If you haven’t watched the video that Brenda provided, please watch Hymn to Freedom by famous Canadian composer and pianist Oscar Peterson, that highlights some of Black History in Canada.

I went outside our lectionary this week and purposely chose two gospel readings to focus on the Gospel message and how we as Christians should be following Jesus’ example as an inclusive prophet of all people.

Jesus reads the words of Isaiah, announcing he is one who has come to free all people from their oppressors, preaching to the poor, that the captives will be released.

This is Transfiguration Sunday, that speaks to the disciples finally seeing Jesus as who he was, God showed the purpose of Jesus’ ministry to those witness that day.

And the disciples were to use this knowledge to carry out Jesus’ teachings in word and action to those who would listen and follow.

Jesus was a Jewish man, in 1st century Judea. Jesus most likely had brown eyes, dark brown to black hair and olive-brown skin. Most portraits promote Jesus as a European man, long brown or blond hair, fair-skinned and blue eyes, and this is not an accurate representation of a Jewish middle eastern man, who Jesus was.

Jesus preached an inclusive love that God held for all peoples and creation, that we were to love our God and neighbour alike, and LOVE was the premise we lived every moment from, in our lives.

“The Spirit of the Lord is upon me; he has appointed me to preach Good News to the poor; he has sent me to heal the brokenhearted and to announce that captives shall be released and the blind shall see, that the downtrodden shall be freed from their oppressors, and that God is ready to give blessings to all who come to him.” 

This is the anthem of how we are to move forward, to make ourselves informed and educated of racism in our midst and to recognize the histories that have been omitted from the past.

Our United Church is starting to move towards equity and equality with the appointment of Michael Blair as General Secretary.

A prominent Black Minister in the United Church, serving as the Executive Minister for the Program Unit, Communities in Mission, at the United Church of Canada. Previously, he was the Executive Director of the Toronto Christian Resource Centre in Regent Park, the Community Chaplain with the Ontario Multi-faith Council’s Reintegration Program (2002-03).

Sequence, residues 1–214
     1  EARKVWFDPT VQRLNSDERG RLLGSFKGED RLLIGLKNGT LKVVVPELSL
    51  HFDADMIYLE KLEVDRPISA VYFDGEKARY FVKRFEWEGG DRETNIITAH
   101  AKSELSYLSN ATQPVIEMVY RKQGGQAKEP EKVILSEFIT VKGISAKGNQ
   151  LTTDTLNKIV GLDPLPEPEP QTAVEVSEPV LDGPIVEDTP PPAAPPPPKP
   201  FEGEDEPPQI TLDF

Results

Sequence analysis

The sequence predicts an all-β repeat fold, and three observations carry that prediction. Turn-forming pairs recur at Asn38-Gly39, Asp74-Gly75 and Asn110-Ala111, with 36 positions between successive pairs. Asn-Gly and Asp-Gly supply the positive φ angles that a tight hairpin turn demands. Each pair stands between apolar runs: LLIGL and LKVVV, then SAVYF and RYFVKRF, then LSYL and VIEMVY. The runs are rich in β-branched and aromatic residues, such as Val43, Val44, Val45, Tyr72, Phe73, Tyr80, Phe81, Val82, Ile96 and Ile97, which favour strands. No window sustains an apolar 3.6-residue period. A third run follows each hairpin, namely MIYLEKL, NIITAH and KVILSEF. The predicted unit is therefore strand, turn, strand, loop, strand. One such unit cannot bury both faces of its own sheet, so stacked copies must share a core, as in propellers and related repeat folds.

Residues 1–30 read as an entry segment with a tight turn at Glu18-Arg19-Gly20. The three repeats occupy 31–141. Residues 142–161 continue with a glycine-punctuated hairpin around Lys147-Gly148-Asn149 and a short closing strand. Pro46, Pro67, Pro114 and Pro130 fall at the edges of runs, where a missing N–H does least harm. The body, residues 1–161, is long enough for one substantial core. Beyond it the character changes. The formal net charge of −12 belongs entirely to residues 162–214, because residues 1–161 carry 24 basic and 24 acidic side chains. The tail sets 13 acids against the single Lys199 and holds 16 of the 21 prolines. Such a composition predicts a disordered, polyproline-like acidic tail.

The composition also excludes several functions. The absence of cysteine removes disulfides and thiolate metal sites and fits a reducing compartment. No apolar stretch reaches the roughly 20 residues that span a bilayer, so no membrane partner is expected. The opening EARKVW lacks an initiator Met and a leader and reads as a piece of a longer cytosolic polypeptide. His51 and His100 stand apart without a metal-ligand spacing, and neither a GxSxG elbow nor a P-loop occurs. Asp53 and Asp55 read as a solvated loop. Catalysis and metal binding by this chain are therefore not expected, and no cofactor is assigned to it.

The United Church announced in October of 2020 that the Church hired Adele Halliday as its first anti-racism and equity officer. Among other duties, she will help to co-ordinate the anti-racism efforts in the broader church as stated in the article in Broadview magazine

This comes from the discussions held on the floor of General Council 43 held in Oshawa Ontario, a discussion that focused on racism in the United Church and the delegates who had been victims of that racism during their time.

A motion was put forward to recognize the United Church as an anti-racist church, that was voted on by Commissioners, a motion that declares that the Church will recognize racism in its midst. “This doesn’t mean we have achieved this goal,” explains the Moderator, the Right Rev. Richard Bott, “but we are taking a stand and saying we are publicly committed to eliminating systemic racism from our practices and policies.”

In order to be transfigured and transformed by love and recognize Jesus for who he is in our lives, we must first recognize Jesus transfigured and transformed for the love of all people, love of a God in which all people are created in that image.